The Gods themselves are particularly intriguing. We only really see the Dark Lady in close detail, but it was fascinating to see her bring all her pieces into play, in her attempt to achieve her goals. The Gods’ interactions with the other characters was interesting to read, particularly as it made you question who really was in control at times.

World/Setting

The world in this book is phenomenal. Despite a rough start of intense world-building, it settles down quite quickly and the world begins to gradually rise around you as you read. The different character perspectives allow you to see a large number of different places and lifestyles of the world Anna Stephens has created and it is a fascinating one.

The cultures for both the Rilporians and the Mireces are well established, especially how their cultures have been built up around the traits of their gods. The interaction between the Gods and the mortals also added another layer to the novel, particularly with the similarities and differences between the worship of the Red Gods and the Rilporian Gods. I just wish I’d had a map, just to be able to better picture the distances and where the towns and cities were in relation to one another.

Final Thoughts

If you are to read any fantasy novel this year, this should be near the top of your list. It was unlike any fantasy book I’ve read recently and stood out to me both in story and writing. I do wish I had known it was the first in a series when I was reading it as the ended was a bit disappointing for me, especially since I’m going to have to wait so long for the sequel, but everything else worked brilliantly. Godblind is a fantastic novel and a remarkable debut.

Godblind will be released on the 15th June 2017.

Rating: 4.5/5

Goodreads: https://www.goodreads.com/book/show/32072924-godblind

The Book Depository (I receive a small commission when this link is used): https://www.bookdepository.com/Godblind-Ann-Stephens/9781945863066?a=aidrosienreads

The Books I Read in May 2017

May was a pretty dreadful reading month for me – I found myself in one of the largest reading slumps I have been in for a while and just not in the mood to read. As a result, I only managed to read three books in May.

There are two reasons for this slump and both of them are the books I read. The first of these, American Psycho by Bret Easton Ellis, as the one that was particularly instrumental in removing my desire to read. It took all my power to actually finish reading this book and is the one book that has actually made me really question my resolve to finish every book I pick up, regardless of quality. Essentially, I just found this book insanely dull and could not see the point of it. The book itself alternates between incredibly materialistic descriptions which exemplify Bateman’s obsession with wealth and status, and very vivid descriptions of the torture and murders of all Bateman’s victims. While the latter should have, at least, held some interest, there was no substance to it at all and just came across as an attempt to shock. It did not help that I actually listened to it as an audiobook and, while the narrator was part of the reason I was able to keep going with this novel, it is unlikely to be a book I will ever read again. That being said, I am tempted to watch the film and see how that takes the book and converts to a visual format.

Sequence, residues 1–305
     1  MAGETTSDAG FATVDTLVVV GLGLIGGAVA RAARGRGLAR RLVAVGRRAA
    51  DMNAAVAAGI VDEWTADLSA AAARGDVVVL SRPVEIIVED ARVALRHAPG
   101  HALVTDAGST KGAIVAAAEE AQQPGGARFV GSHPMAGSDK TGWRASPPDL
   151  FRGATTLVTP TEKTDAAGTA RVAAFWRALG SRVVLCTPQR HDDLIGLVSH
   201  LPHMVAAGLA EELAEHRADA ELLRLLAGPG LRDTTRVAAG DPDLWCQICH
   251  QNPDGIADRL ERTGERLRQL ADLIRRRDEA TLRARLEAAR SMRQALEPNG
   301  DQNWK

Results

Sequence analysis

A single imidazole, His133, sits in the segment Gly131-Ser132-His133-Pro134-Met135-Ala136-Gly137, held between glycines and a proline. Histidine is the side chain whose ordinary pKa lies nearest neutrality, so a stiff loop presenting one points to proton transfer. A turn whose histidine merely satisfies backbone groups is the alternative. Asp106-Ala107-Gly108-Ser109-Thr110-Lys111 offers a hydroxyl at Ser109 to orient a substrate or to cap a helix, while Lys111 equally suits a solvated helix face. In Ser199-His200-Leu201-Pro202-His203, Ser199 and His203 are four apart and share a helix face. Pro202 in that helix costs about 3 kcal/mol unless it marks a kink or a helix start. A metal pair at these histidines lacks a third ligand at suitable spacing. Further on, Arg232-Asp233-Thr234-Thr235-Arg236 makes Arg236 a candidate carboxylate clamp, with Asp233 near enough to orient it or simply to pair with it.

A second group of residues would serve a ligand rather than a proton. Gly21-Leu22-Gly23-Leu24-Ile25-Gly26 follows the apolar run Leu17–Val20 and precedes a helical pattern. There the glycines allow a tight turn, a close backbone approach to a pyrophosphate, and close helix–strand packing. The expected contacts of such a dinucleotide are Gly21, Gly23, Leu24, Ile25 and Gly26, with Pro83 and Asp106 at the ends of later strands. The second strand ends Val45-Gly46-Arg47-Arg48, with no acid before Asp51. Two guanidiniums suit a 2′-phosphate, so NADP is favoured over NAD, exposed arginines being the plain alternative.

The second book which contributed to the slump was How to be a Productivity Ninja by Graham Allcott. It is slightly ironic that a book about productivity stopped me being as productive with my reading, but there are, again, to reasons for this. This first is that this book is non-fiction. It always takes me longer to read non-fiction and this book, in particular, took about three weeks to read. The second is that this book contains exercises and methods to include productivity so, while reading, I found myself more interested in putting the methods into practice and working through the book than reading other books as well. That being said, while it did get in the way of my reading, I do highly recommend this book if you want to get on top of work and life and reduce any related stress. It is easy to read and reads as something that is just there to help and guide rather than instruct.

Towards the end of the month, I started to get out of the reading slump and started and finished my favourite book of the month. Flame in the Mist by Renee Ahdieh is a young adult fantasy novel about the daughter of a samurai who, undercover, joins the people who tried to kill her in order to find out why and restore honour to her family (there are a lot of Mulan parallels as well). In the end, I finished this book and instantly wanted to pick it up again (I still do). For a longer review of this book, click here.

It was a fairly mixed month of reading, although I am feeling a little bit more confident about this month’s reading – not least because I have started reading Godblind by Anna Stephens and am loving it so far. Fingers crossed I will be able to read and enjoy a lot more books in June!

In summary, the books I did read in May are below with their ratings. For reference, the way I rate is as follows:

1-Unable to Finish ; 2-Did not enjoy ; 3-Liked ; 4-Really Liked ; 5-Loved

American Psycho by Bret Easton Ellis – 2/5

How to be a Productivity Ninja by Graham Allcott- 4/5